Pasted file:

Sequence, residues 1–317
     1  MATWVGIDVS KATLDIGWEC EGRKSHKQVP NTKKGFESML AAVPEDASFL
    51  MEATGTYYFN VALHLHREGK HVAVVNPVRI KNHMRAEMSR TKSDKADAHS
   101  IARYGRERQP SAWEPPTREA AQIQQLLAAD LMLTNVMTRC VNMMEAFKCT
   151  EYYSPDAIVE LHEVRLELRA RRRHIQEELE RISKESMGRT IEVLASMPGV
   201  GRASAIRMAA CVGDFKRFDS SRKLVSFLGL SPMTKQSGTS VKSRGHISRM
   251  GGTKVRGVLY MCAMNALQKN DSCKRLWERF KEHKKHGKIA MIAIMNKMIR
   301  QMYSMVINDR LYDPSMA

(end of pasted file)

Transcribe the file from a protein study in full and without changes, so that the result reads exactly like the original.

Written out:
Sequence, residues 1–317
     1  MATWVGIDVS KATLDIGWEC EGRKSHKQVP NTKKGFESML AAVPEDASFL
    51  MEATGTYYFN VALHLHREGK HVAVVNPVRI KNHMRAEMSR TKSDKADAHS
   101  IARYGRERQP SAWEPPTREA AQIQQLLAAD LMLTNVMTRC VNMMEAFKCT
   151  EYYSPDAIVE LHEVRLELRA RRRHIQEELE RISKESMGRT IEVLASMPGV
   201  GRASAIRMAA CVGDFKRFDS SRKLVSFLGL SPMTKQSGTS VKSRGHISRM
   251  GGTKVRGVLY MCAMNALQKN DSCKRLWERF KEHKKHGKIA MIAIMNKMIR
   301  QMYSMVINDR LYDPSMA